Via my drive-bys and article reading, it seems that Children's Picture books, some Middle Grade and Non-fiction inspirational books are doing well or have even picked up. As far as genre fiction, adult thrillers and romance are up there, but that's not unusual for these popular genres. Sweet romance in (Christmas settings and HEA) are seeing upticks. That's what I've noticed. Dark fantasy and horror, my genre at the moment with four new books out, is limping along with moderate gains. This does not mean stop writing what you like or what you at the present. Trends always change. Basically, any genre or book can sell during this period.


Short and sweet--Like Anne Rice says, if you are in the doldrums, FORCE yourself out of it and lay down the ink. Once you get started you'll pick up that lost momentum. Her advice (and mine) about blockage in the confines of your present manuscript--transport yourself back to the day when you felt that white hot spark for that book and remember the thrill you had crafting it. It was the best thing on the planet, wasn't it? You were hot on it. Now you've warmed. And it's those negative muses that are whispering those rotten little sweet nothings in your ear. Your book's quality hasn't changed. You've changed.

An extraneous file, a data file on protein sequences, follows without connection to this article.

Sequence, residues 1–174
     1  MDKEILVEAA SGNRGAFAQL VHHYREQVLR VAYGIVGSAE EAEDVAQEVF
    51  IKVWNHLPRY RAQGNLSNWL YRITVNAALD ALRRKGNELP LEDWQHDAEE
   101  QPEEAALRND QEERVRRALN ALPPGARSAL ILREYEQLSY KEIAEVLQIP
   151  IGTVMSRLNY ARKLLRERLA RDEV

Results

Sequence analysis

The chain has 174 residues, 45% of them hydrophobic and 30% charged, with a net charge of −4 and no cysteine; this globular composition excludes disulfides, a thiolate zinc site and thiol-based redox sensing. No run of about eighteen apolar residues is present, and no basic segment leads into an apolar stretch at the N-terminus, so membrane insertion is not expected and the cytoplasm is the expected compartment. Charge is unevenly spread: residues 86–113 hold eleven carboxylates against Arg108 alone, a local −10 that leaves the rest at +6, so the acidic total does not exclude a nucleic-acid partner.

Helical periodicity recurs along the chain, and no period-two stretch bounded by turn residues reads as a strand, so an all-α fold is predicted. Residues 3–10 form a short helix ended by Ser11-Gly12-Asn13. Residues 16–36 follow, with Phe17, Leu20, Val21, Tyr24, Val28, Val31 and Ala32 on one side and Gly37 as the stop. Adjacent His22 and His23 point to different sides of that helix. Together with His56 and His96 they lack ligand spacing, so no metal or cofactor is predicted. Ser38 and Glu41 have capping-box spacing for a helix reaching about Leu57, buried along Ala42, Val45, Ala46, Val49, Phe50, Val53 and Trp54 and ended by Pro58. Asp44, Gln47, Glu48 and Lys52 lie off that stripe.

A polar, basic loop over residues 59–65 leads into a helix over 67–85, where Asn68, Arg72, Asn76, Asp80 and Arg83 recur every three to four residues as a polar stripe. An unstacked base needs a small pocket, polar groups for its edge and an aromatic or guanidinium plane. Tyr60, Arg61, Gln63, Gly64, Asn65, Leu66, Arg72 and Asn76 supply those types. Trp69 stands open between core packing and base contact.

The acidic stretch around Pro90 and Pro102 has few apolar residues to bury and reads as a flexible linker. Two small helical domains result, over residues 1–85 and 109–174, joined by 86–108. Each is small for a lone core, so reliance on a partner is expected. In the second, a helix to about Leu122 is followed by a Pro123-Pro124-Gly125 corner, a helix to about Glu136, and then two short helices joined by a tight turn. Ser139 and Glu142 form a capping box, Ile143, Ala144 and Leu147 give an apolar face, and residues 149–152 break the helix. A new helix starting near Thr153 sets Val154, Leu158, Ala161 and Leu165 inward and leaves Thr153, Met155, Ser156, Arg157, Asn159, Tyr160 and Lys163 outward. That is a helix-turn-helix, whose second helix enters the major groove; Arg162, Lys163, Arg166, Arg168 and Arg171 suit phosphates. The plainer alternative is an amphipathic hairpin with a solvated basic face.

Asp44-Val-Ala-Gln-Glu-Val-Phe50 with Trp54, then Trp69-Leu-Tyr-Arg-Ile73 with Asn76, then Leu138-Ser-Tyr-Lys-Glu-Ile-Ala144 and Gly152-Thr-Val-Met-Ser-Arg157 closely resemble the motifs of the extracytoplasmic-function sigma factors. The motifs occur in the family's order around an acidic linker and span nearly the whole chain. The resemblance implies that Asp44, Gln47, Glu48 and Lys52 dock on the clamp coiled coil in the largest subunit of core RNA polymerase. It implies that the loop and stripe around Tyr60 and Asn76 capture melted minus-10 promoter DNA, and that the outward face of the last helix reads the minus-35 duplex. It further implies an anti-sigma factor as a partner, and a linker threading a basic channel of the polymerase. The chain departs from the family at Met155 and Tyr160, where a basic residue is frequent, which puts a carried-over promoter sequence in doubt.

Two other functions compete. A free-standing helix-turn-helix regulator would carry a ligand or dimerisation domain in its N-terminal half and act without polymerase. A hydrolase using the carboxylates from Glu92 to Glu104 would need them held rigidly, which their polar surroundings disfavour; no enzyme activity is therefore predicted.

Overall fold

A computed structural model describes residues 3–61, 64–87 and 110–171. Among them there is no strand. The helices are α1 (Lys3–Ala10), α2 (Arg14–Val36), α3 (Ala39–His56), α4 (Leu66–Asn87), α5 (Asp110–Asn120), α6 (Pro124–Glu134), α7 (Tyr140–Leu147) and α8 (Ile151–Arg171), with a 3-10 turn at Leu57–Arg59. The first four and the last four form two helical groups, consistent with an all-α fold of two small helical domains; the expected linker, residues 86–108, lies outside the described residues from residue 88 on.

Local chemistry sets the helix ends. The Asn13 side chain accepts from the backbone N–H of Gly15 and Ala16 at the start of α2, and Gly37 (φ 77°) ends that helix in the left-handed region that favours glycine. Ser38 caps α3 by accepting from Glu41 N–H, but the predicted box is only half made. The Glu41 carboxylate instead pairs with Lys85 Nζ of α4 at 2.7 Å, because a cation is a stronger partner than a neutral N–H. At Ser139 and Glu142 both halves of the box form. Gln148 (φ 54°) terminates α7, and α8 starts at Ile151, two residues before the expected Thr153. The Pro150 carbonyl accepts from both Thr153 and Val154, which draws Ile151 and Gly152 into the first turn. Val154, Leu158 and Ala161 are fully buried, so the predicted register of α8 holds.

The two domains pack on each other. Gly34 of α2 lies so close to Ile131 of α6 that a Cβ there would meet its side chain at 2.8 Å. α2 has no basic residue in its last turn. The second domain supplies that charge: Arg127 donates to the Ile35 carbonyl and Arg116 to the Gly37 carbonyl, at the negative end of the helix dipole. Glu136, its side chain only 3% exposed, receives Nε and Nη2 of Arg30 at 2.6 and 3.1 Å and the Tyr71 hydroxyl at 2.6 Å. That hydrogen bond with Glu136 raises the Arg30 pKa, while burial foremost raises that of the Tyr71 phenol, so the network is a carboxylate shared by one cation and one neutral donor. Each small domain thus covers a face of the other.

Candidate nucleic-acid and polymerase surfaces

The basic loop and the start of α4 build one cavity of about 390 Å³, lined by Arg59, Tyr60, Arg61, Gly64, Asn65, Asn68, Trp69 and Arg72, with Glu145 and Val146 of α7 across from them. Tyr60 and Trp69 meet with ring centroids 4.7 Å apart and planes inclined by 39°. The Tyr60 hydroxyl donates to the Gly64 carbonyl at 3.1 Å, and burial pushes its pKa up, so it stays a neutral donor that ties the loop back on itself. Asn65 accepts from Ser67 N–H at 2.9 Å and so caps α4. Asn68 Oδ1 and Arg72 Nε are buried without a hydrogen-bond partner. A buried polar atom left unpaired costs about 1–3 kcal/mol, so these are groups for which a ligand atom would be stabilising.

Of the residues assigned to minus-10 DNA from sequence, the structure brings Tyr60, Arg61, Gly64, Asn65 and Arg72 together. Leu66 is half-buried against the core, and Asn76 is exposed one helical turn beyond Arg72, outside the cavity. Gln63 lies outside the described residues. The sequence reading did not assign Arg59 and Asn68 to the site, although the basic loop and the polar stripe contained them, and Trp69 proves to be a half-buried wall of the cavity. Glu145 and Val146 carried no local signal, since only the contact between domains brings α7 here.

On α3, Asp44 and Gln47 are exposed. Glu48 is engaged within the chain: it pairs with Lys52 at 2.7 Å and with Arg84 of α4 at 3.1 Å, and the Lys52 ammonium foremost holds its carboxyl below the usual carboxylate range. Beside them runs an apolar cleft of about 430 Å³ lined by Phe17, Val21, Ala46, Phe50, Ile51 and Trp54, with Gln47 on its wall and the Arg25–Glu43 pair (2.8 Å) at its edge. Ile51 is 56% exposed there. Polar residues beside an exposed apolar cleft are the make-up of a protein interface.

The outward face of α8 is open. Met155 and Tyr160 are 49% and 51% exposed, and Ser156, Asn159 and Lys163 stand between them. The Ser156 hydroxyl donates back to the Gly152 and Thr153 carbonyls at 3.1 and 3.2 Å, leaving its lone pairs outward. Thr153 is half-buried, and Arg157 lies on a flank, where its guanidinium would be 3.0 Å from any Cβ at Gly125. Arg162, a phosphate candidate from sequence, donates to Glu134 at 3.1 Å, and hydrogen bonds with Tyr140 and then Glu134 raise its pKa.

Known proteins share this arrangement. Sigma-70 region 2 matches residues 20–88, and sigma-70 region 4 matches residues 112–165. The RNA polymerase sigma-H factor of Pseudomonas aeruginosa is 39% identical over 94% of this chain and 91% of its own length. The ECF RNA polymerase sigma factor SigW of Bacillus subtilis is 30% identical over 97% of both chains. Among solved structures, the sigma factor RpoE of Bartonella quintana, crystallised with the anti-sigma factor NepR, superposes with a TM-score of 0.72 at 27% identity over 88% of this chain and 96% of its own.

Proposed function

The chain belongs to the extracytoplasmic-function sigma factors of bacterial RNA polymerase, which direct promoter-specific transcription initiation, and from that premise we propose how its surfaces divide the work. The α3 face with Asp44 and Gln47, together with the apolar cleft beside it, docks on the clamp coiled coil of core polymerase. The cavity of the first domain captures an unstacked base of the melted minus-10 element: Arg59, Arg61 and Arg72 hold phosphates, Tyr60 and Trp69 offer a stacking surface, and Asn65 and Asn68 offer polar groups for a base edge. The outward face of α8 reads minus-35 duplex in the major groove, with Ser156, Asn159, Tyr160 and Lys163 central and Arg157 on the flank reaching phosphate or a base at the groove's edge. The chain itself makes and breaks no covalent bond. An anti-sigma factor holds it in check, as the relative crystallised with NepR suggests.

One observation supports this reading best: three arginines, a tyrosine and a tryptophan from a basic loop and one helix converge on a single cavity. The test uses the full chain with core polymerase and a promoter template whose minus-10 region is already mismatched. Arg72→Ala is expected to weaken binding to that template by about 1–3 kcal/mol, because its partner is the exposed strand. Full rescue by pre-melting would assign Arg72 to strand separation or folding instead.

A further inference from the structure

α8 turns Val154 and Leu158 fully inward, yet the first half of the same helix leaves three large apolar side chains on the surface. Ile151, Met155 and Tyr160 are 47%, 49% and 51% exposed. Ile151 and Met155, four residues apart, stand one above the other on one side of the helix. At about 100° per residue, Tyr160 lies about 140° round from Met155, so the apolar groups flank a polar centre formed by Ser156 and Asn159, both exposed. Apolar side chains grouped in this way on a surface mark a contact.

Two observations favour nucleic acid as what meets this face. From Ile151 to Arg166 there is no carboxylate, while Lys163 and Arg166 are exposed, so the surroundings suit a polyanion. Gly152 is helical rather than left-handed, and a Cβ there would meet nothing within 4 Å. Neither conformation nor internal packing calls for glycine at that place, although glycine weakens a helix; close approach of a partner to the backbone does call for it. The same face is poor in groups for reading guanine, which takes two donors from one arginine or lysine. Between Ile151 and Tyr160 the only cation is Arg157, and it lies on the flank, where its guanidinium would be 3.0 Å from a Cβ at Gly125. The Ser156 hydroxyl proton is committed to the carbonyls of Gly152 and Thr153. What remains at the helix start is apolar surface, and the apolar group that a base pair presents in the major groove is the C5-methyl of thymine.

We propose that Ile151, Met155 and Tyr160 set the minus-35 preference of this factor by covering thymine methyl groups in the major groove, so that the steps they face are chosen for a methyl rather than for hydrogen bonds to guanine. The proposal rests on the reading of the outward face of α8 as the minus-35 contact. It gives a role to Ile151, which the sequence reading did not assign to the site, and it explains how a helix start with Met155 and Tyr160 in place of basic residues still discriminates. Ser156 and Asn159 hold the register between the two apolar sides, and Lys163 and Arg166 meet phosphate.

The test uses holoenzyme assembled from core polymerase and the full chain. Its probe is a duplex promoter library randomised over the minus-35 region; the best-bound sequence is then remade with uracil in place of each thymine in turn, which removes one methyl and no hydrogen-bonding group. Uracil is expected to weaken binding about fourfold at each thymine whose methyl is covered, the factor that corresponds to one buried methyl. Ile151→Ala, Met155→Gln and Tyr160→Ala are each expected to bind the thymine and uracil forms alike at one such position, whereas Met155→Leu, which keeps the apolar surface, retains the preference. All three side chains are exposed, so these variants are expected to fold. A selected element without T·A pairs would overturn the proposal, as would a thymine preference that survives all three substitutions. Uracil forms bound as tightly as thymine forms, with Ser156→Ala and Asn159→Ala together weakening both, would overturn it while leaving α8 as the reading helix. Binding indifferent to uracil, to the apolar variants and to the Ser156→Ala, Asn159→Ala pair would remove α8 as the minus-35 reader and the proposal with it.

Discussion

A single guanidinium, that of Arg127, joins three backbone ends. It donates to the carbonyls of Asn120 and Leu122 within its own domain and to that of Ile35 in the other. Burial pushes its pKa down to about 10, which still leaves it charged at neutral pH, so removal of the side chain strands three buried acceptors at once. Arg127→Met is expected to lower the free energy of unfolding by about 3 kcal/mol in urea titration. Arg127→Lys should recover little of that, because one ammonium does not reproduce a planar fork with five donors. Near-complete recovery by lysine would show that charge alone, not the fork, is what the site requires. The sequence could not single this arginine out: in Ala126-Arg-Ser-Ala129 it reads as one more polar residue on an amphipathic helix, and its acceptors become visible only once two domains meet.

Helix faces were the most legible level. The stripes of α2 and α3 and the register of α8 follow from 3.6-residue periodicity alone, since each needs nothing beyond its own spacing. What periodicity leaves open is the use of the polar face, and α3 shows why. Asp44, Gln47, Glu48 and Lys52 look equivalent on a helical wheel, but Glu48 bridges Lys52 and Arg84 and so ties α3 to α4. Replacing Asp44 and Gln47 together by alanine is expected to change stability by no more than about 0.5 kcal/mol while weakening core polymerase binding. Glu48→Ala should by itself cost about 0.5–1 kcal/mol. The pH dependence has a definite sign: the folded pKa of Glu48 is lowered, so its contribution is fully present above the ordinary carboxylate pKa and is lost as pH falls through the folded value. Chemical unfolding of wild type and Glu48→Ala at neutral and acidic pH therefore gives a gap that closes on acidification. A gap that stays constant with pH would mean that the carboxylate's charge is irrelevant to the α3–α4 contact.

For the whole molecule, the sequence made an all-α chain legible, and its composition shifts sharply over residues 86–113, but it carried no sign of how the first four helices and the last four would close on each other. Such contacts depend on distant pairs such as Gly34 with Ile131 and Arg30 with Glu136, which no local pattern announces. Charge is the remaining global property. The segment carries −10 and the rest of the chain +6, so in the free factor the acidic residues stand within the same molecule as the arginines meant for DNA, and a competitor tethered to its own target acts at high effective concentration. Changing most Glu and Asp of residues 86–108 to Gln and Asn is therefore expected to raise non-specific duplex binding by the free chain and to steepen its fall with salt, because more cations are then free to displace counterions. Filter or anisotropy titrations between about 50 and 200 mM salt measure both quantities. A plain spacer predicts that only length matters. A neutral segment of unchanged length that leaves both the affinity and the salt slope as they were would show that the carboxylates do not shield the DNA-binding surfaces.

Adjust your attitude and recapture that positive, warm and fuzzy feeling you once had. Still can't write anything new? What's wrong with editing or rewriting a trunk novel you once had high hopes for? Switch your gears and adapt.


It's not easy sharing a crowded house now during this lock-down period. Kids are restless souls and they'll be all over the place. Noise and distractions will rule the day. Drugs and alcohol might have slipped into this confined lifestyle. Tempers might be volatile and explosive. Do the best you can in reserving some private time for yourself after all your necessary chores are done. Try to find a quiet place reserved for concentration on your story or book project. It won't be easy. It will be more difficult than ever. Try to maintain a status quo and even keel during this time. If you have a spare room, nab it for you own, even if it is a temporary hideaway. Don't lose faith.